Evidence suppressed where no valid inventory search.State v. Hummel232 N.J. 196 (2018).
The Court finds no valid inventory search and therefore affirms the Appellate Division’s determination that the evidence seized during the search should be suppressed.
Under the first Mangoldinquiry, the detectives’ impoundment of defendant’s purse was not justified. The detectives had not arrested defendant before seeking to impound her purse. Defendant kept her purse open and within her reach for the entire interrogation. She rummaged through her bag several times in front of the detectives. The detectives did not frisk defendant at any point during her detention. They sought to remove her bag from the interrogation room only after she asked for an attorney. Crucially, they asked defendant if she would rather examine the contents of her purse herself. It is clear that had valid safety concerns existed at the time they sought to impound her bag, the officers would not have given defendant the option to search her own purse.
State v. Lori A. Hummel (A-36-16) (078476)
Decided March 13, 2018
TIMPONE, J., writing for the Court.
The Court considered the legality of the police’s search and seizure of the contents of defendant Lori Hummel’s handbag while she was detained at the Gloucester County Prosecutor’s Office.
On December 5, 2010, Thomas Carbin was stabbed to death. On December 7, 2010, Investigator Gary Krohn advised defendant that he was going to bring her to the police station for two outstanding traffic bench warrants; he drove her to the Gloucester County Prosecutor’s Office. There, he introduced defendant to Detective Bryn Wilden and Sergeant James Ballenger. Detective Wilden then escorted defendant into an interrogation room.
Defendant placed her purse on the table in front of her. Around 1:56 pm., Detective Wilden and Sergeant Ballenger entered defendant’s interrogation room to begin questioning her. The detectives took seats at the table without removing defendant’s purse or frisking her. About a minute into questioning, defendant reached into and rummaged through her purse to retrieve her cell phone. She checked the time and advised the detectives that she had to pick up her daughter by 3:20 pm. The detectives did not comment on her time constraint. Detective Wilden then asked defendant to raise her right hand and swore her in. The detectives began asking defendant substantive questions without advising her of her rights under Miranda v. Arizona, 384 U.S. 436 (1966). In response to questions from the detectives about her cell phone, defendant began to look through her purse for a receipt showing her recent cell phone purchase. The detectives kept questioning defendant about her relationship with the victim.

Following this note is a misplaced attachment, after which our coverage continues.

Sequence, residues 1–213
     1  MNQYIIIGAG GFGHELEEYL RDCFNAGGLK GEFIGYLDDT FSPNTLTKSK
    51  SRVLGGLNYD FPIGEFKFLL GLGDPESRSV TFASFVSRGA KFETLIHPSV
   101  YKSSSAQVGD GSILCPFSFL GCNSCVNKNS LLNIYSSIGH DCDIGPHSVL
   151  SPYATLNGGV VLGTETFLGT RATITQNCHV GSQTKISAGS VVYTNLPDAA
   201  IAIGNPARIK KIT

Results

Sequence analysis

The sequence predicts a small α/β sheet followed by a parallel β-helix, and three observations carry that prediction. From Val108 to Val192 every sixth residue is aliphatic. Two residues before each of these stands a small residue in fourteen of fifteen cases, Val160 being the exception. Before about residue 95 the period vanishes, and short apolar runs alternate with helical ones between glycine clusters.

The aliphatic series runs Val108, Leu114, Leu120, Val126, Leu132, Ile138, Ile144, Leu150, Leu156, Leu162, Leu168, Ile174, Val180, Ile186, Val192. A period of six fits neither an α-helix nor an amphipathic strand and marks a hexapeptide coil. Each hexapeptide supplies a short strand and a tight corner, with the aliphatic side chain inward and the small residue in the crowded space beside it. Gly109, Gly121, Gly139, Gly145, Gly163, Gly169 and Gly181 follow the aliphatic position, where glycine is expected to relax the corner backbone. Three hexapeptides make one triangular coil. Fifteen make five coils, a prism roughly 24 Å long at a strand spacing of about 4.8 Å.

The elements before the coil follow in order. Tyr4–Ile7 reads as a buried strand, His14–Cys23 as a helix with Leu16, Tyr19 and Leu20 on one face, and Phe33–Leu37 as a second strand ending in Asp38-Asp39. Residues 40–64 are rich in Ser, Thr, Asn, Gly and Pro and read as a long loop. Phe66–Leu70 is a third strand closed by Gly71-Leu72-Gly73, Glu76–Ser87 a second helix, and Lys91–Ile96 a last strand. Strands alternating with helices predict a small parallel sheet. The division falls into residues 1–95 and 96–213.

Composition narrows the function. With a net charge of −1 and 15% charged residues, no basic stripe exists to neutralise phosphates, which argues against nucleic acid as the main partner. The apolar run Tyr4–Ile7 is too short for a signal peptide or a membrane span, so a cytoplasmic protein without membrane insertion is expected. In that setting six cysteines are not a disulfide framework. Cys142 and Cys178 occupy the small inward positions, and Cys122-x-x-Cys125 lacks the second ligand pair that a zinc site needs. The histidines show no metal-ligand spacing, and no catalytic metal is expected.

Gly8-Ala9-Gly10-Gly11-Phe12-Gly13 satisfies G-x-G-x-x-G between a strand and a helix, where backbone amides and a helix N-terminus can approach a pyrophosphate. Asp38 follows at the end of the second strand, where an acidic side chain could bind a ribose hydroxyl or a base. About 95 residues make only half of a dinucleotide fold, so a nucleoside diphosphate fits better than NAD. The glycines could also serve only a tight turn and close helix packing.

The detectives left defendant alone in the room. She put her belongings back into her purse and stepped outside, asking if she could leave to pick up her daughter. The detectives did not permit her to leave. She then asked, “Am I arrested?” Detective Wilden responded that “technically” she had traffic warrants and that they still had questions for her. Defendant stated that she thought she wanted to get a lawyer. After briefly asking questions about defendant’s decision to retain a lawyer, the detectives ceased talking to defendant and left the room.
Soon after, Detective Wilden cuffed defendant’s right ankle to a bar on the floor and told defendant that she was being detained and that she had an outstanding warrant. Defendant asked several times whether she could make a phone call to her lawyer. Detective Wilden took defendant’s purse from the table, and defendant stated that she did not like that he had her pocketbook. Sergeant Ballenger responded that defendant was “in custody.” As Detective Wilden began walking out, defendant said, “Hopefully that $500 ain’t missing out of there.”
In response to defendant’s comment, the detectives began taking everything out of her purse. They asked if she would rather search the purse herself, but defendant declined. Detective Wilden found two electronic benefits transfer (EBT) cards issued through New Jersey’s “Families First” supplemental income program. He asked defendant if the cards were hers. She responded that everything in the pocketbook was hers. Detective Wilden read her the name of another individual on one of the cards. Defendant disavowed that she knew that individual or how the card wound up in her purse. Detective Wilden then put all the items back into the purse and left the room with it. The detectives left defendant shackled for over two hours.